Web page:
VIDEO: GameTime previews Spurs-Thunder Game 5
SAN ANTONIO — While much of America has been caught up watching Godzilla wreak havoc on movie screens, the Spurs got ready for Game 5 of the Western Conference finals with a horror show of their own.
No popcorn or Coke, but there were plenty of reasons for those in the audience to cover their eyes and scream when they watched video of Game 4.
“A lot of things,” said Manu Ginobili following Thursday’s shootaround. “We played terrible in both games, in every aspect of the game. They scored too much, went to the line too much. We were not smart enough. We have to play close to perfection to beat them, especially over there. We were way too far from that, so we had no shot.”
Why did that happen?
“Because the opponent changes,” he said. “If we play the same opponent under the same conditions, we would play the same every same. Loose balls and you miss a couple shots, and things start to change in your head, in your team. Every game is different. For sure, they are a tough team. They are athletic, they are strong and they play even better at home. That’s basketball.”
The only one in the cast that got rave reviews was Cory Joseph for the way he fearlessly went at the Thunder.
“He was the one that played the most aggressive, that challenged them, that played physical,” Ginobili said. “We were not. We were slow. We really have to see how he played and how he attacked the basket, how he penetrated and kicked, something we all have to do. Because if we don’t, if we don’t get 10 guys playing like that, we don’t have many chances. That’s what we did in Games 1 and 2.”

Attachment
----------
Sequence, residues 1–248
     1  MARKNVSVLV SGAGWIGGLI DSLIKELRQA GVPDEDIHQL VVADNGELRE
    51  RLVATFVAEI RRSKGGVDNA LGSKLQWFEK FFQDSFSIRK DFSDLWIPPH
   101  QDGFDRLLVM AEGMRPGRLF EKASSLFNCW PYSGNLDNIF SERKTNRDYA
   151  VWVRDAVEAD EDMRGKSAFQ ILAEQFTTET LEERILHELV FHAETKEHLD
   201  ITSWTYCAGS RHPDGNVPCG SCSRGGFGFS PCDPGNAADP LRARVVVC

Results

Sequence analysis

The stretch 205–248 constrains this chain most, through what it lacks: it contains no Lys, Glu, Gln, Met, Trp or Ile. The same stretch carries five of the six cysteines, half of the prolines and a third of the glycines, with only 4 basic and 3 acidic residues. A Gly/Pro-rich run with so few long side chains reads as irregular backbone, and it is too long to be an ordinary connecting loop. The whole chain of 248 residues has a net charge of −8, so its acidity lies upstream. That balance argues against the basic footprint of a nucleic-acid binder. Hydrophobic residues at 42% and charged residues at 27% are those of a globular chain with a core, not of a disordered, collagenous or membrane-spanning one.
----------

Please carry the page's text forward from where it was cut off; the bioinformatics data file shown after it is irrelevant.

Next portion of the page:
A lot of actors say they don’t like watching themselves up on the screen and that went double for a film session that was tough on everyone else in a black and silver uniform.
“Very,” Ginobili said. “You hope your next trip you’re not there. We were watching the second half, I said ‘OK. I’m safe now.’ Sometimes you’re embarrassed to see what you did. You think you’re doing your best, rotating, and you’re slow and they’re more aggressive than us. It’s painful, but it helps you learn and understand the multiple things we did wrong and can do better. We might even lose again playing a great game. But to look in each others’ faces to say we gave it everything we had, we played smarter, they just beat us. That’s where we have to get to, a point where we play much harder and much smarter.”
To avoid getting flattened like Tokyo again.